petrusplancius (petrusplancius) wrote in unusual_words,


I came across this in an anthology of bad verse, an extract from 'The Bride's Prelude' by D.G. Rossetti:

Against the haloed lattice-pains
The bridesmaid sunned her breast;
Then to the glass turned tall and free,
And braced and shifted daintily
Her loin-belt through her coat-hardie.

Can't you just picture it? According to the OED a cote-hardie or coat-hardy is 'a close-fitting garment with sleeves, formerly worn by both sexes'; apparently buttoned down the front and reaching to mid-thigh. Doubtless to be found in Pre-Raphaelite paintings of yearnful maidens.
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'a close-fitting garment with sleeves, formerly worn by both sexes'

so the cote-hardie covers the coochie coochie?

time for a limerick!!
Perhaps a limerick is the only suitable place for the word!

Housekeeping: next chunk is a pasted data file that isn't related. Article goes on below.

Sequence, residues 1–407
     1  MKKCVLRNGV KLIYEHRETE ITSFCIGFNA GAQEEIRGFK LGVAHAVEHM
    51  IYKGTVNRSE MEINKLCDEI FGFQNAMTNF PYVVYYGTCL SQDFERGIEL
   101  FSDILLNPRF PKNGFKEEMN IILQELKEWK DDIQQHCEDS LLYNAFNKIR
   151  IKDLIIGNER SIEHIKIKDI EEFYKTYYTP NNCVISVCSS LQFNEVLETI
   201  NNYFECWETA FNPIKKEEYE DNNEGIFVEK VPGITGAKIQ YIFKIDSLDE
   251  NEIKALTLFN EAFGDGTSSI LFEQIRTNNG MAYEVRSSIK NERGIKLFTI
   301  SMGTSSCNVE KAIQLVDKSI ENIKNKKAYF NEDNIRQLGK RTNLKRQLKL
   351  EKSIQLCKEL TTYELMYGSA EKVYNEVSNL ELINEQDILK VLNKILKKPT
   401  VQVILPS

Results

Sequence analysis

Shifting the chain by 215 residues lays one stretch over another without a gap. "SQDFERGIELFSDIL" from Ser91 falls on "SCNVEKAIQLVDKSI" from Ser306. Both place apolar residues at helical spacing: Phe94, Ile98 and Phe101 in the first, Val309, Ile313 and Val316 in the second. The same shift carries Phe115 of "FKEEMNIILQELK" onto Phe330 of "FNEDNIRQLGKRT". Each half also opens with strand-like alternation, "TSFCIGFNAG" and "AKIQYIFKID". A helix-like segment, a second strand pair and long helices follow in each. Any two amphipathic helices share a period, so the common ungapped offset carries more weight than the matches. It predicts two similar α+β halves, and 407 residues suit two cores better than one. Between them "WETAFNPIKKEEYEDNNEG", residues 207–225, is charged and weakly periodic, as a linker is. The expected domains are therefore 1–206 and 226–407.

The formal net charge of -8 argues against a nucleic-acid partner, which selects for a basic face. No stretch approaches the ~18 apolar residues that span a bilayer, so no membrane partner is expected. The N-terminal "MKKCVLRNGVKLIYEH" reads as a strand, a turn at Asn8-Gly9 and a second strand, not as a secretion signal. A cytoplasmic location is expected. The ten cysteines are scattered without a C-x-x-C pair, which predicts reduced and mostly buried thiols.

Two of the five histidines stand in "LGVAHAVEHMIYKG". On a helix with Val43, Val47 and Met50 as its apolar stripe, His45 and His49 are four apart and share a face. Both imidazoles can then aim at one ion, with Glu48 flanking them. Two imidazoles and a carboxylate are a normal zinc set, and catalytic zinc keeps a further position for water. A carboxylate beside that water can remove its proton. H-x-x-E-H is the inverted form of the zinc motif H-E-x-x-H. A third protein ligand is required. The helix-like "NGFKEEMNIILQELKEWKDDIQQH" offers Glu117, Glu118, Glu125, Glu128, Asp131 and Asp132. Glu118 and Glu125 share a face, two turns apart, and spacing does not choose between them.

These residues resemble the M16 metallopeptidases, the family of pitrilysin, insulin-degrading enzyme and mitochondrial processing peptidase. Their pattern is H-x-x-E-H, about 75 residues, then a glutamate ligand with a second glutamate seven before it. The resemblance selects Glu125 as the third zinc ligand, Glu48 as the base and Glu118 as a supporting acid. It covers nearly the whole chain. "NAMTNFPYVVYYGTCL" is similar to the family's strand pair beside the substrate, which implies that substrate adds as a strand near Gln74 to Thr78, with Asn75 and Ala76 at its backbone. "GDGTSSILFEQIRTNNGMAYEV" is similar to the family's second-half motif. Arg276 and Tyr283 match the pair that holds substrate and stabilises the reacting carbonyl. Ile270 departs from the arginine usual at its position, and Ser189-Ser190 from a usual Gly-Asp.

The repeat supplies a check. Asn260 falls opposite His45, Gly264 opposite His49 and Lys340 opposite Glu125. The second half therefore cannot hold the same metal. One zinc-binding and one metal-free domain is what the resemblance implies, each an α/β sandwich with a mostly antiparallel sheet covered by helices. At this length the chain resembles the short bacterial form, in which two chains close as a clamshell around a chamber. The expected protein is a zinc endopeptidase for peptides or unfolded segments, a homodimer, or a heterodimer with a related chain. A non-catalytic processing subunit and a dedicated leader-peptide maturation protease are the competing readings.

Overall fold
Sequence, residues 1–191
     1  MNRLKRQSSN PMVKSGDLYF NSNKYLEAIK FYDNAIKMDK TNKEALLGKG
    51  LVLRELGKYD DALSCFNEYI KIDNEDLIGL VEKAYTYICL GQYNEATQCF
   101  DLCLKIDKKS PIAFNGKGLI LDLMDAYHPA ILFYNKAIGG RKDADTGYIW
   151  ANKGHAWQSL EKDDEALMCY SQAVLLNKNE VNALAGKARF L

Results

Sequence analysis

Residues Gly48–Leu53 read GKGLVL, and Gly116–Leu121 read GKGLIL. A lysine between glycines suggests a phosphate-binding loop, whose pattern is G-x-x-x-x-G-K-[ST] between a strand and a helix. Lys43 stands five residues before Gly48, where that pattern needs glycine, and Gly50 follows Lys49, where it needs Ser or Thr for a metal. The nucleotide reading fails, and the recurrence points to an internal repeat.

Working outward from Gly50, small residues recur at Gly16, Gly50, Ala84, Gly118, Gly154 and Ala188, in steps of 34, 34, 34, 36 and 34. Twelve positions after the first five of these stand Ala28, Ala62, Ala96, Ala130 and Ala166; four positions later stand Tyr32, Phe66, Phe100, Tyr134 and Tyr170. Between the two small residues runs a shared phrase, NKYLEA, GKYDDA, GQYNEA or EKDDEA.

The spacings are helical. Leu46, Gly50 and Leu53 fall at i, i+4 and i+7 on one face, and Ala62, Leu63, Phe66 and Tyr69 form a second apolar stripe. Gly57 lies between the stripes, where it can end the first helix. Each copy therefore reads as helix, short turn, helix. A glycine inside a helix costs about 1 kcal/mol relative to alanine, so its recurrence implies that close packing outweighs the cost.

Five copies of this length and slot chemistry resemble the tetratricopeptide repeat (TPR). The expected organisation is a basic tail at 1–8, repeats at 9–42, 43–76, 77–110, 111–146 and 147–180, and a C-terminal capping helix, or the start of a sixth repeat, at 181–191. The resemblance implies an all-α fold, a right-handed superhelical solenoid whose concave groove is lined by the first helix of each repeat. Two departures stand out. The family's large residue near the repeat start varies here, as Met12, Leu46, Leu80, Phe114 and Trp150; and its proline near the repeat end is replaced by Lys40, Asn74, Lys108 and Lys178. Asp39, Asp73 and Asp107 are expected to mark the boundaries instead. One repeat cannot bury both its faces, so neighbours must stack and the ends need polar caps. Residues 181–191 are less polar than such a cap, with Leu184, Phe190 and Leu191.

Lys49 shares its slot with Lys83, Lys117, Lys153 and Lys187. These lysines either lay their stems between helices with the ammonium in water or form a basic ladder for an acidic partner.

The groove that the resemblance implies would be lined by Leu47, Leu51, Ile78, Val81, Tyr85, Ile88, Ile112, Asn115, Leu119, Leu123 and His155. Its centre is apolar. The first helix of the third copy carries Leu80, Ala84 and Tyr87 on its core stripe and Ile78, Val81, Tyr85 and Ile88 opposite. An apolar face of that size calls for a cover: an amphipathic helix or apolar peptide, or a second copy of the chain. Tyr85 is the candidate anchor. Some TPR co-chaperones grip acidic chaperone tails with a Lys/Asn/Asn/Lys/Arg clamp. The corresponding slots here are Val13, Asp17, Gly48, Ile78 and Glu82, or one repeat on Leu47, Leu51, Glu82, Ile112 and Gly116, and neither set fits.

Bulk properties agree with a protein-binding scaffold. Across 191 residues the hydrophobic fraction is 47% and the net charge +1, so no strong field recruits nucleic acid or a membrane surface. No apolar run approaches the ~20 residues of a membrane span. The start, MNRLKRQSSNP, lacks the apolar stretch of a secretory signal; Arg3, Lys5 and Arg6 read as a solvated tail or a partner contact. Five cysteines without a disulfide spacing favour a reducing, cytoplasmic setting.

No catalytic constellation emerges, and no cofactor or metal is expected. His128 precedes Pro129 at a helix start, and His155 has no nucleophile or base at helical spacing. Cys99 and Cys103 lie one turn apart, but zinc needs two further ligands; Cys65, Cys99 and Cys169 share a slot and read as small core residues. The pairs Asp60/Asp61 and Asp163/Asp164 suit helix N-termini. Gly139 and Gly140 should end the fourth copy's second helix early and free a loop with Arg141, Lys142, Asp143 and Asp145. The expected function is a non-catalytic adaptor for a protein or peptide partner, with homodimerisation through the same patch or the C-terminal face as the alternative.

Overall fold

Plenty of historic recreationists make and wear cote-hardies without irony.
But isn't historical recreation more fun if it is marked by a touch of irony?
Yeah, I think that's why they have internecine feuds in the lands of make-believe.
I think women's cotehardies were usually longer, ankle-length or so. In this context, i.e. worn over the belt, I'd assume it was referring to an open, warm-weather layer worn over a lighter, belted cotehardie or kirtle (which in turn was worn over a shift). But in that case it might better be referred to as a surcote.
Yes, I would picture a women's one as being longer.
Correction: I meant a warm layer for cold weather.